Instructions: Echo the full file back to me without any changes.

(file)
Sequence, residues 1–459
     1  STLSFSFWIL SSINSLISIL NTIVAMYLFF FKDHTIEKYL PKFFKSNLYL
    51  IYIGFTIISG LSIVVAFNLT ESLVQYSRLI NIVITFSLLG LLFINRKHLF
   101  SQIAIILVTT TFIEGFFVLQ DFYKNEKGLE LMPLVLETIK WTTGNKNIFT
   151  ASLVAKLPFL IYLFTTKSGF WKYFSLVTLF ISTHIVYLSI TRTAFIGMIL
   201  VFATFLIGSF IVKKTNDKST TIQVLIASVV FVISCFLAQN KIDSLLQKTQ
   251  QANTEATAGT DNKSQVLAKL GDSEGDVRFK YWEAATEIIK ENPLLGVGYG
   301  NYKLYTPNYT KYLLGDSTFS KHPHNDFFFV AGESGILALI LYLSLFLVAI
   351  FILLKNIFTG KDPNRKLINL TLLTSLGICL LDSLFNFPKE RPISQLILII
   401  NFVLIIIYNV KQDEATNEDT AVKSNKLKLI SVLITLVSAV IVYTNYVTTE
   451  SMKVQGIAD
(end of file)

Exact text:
Sequence, residues 1–459
     1  STLSFSFWIL SSINSLISIL NTIVAMYLFF FKDHTIEKYL PKFFKSNLYL
    51  IYIGFTIISG LSIVVAFNLT ESLVQYSRLI NIVITFSLLG LLFINRKHLF
   101  SQIAIILVTT TFIEGFFVLQ DFYKNEKGLE LMPLVLETIK WTTGNKNIFT
   151  ASLVAKLPFL IYLFTTKSGF WKYFSLVTLF ISTHIVYLSI TRTAFIGMIL
   201  VFATFLIGSF IVKKTNDKST TIQVLIASVV FVISCFLAQN KIDSLLQKTQ
   251  QANTEATAGT DNKSQVLAKL GDSEGDVRFK YWEAATEIIK ENPLLGVGYG
   301  NYKLYTPNYT KYLLGDSTFS KHPHNDFFFV AGESGILALI LYLSLFLVAI
   351  FILLKNIFTG KDPNRKLINL TLLTSLGICL LDSLFNFPKE RPISQLILII
   401  NFVLIIIYNV KQDEATNEDT AVKSNKLKLI SVLITLVSAV IVYTNYVTTE
   451  SMKVQGIAD